figs are the captives who have been taken away to
the land of Babylon. I will care for them, and keep
them, and will bring them again to this land. I will
give them a heart to know me; and I will be their
God, and they shall be my people. And the bad figs
are like those who are left in this land, the king
who shall reign over them, and his princes, and his
people. They shall suffer, and shall die by the
sword, and by famine, and by plague, until they are
God showed Jeremiah in this way that the captives in
Babylon were the hope of the nation. And afterward
Jeremiah sent a letter to these captives, saying,
"Thus saith the Lord to those who have been carried
away captive, 'Build houses and live in them; and
plant gardens, and eat the fruit of them; and have
sons and daughters, and let your children be married
in that land when they grow up. And pray the Lord to
give peace to the city and the land where you are
living, for you and your children shall stay there
seventy years, and after seventy years they shall
come again to their own land in peace. For my
thoughts, saith the Lord, are thoughts of peace and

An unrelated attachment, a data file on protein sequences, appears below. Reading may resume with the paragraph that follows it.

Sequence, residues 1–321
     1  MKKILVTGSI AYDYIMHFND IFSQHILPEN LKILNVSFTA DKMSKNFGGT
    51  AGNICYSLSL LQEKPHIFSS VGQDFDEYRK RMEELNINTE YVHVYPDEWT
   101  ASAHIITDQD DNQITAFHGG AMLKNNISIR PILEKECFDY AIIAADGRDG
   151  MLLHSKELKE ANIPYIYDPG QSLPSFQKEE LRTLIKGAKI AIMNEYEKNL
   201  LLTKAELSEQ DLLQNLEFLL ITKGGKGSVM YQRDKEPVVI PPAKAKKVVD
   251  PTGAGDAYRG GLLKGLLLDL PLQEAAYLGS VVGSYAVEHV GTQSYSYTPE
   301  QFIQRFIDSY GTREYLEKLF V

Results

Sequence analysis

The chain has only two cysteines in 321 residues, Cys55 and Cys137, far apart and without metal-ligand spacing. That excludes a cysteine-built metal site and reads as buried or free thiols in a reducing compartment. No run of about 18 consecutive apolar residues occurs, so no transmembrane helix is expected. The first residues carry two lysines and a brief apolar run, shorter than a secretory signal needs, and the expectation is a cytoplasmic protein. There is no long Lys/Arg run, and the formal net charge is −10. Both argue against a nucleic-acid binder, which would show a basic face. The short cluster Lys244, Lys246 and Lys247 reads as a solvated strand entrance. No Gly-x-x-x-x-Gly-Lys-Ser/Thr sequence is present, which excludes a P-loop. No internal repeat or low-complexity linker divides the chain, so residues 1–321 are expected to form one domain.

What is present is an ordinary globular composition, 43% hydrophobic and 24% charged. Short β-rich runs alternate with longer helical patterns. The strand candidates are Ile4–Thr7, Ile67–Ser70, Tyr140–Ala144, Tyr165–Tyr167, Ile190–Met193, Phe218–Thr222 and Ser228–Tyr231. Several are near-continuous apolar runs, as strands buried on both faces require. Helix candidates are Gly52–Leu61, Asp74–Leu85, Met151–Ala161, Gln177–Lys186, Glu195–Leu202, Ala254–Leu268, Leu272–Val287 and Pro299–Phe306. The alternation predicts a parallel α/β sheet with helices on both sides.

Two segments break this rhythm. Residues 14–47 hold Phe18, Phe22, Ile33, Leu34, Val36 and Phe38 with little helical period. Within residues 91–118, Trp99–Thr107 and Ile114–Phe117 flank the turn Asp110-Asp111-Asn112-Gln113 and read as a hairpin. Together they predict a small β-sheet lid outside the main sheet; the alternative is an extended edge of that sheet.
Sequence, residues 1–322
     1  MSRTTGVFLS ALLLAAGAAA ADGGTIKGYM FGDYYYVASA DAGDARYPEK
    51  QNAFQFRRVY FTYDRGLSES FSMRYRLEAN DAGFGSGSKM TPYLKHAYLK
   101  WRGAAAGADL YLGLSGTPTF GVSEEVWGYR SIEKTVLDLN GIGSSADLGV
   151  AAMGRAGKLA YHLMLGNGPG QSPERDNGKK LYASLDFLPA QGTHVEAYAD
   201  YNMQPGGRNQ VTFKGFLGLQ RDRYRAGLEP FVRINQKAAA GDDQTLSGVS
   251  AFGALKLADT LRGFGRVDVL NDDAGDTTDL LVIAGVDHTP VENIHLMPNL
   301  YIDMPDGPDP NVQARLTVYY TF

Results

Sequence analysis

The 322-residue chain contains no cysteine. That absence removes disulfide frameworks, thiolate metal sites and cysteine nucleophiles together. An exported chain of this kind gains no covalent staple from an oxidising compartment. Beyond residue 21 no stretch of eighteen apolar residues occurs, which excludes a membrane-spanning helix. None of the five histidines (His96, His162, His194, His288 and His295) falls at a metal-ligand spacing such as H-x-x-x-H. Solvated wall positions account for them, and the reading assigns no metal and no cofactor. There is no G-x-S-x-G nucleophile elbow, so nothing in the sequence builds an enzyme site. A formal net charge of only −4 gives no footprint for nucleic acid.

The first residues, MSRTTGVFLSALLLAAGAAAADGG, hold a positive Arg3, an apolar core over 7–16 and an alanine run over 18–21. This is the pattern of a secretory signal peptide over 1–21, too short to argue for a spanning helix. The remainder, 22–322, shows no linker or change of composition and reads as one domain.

kindness toward you. You shall call upon me, and I
will hear you. You shall seek me and find me, when
you seek me with all your heart.' "
After Jehoiachin and the captives had been taken
away, Nebuchadnezzar set up as king in Judah
Zedekiah, the uncle of Jehoiachin and another son of
Josiah. He was the twentieth and last king of the
kingdom of Judah. He began by promising to be true
and faithful to his over-lord, Nebuchadnezzar, the
king of Babylon, who had made him king. But very
soon he was led by the nobles who stood around his
throne to break his promise and to throw off the
rule of Babylon; also he left the worship of the
Lord, as did his people, and began to pray to the
idols of wood and stone that could give him no help.
Jeremiah the prophet told King Zedekiah that he was
doing wickedly in breaking his promises and in
turning from the Lord to idols. He told Zedekiah
that he would fail, and would bring his kingdom to
ruin. He said, "It is better to obey the king of
Babylon than to fight against him, for God will not
bless you and your people in breaking your word. The
king of Babylon will come and will destroy this
city. You shall see him face to face, and he will
take you away a captive to his own land, and this
city shall be destroyed."
This made the princes and nobles very angry against
Jeremiah. They said, "This man Jeremiah is an enemy
of his land and a friend to the king of Babylon. He
is a traitor, and should be put to death." Zedekiah
said to his nobles, "Jeremiah is in your hands; you